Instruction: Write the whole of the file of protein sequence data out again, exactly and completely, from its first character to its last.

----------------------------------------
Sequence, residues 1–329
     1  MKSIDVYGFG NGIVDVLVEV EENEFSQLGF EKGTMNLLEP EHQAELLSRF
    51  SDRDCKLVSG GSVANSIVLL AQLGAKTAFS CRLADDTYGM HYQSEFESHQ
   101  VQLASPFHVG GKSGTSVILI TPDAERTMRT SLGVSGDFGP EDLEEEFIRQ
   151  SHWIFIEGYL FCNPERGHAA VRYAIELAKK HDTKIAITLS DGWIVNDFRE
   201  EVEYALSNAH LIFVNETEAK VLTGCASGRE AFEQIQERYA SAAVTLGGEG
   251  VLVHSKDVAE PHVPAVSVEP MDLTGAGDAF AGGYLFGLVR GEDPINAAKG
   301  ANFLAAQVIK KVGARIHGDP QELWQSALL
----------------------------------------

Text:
Sequence, residues 1–329
     1  MKSIDVYGFG NGIVDVLVEV EENEFSQLGF EKGTMNLLEP EHQAELLSRF
    51  SDRDCKLVSG GSVANSIVLL AQLGAKTAFS CRLADDTYGM HYQSEFESHQ
   101  VQLASPFHVG GKSGTSVILI TPDAERTMRT SLGVSGDFGP EDLEEEFIRQ
   151  SHWIFIEGYL FCNPERGHAA VRYAIELAKK HDTKIAITLS DGWIVNDFRE
   201  EVEYALSNAH LIFVNETEAK VLTGCASGRE AFEQIQERYA SAAVTLGGEG
   251  VLVHSKDVAE PHVPAVSVEP MDLTGAGDAF AGGYLFGLVR GEDPINAAKG
   301  ANFLAAQVIK KVGARIHGDP QELWQSALL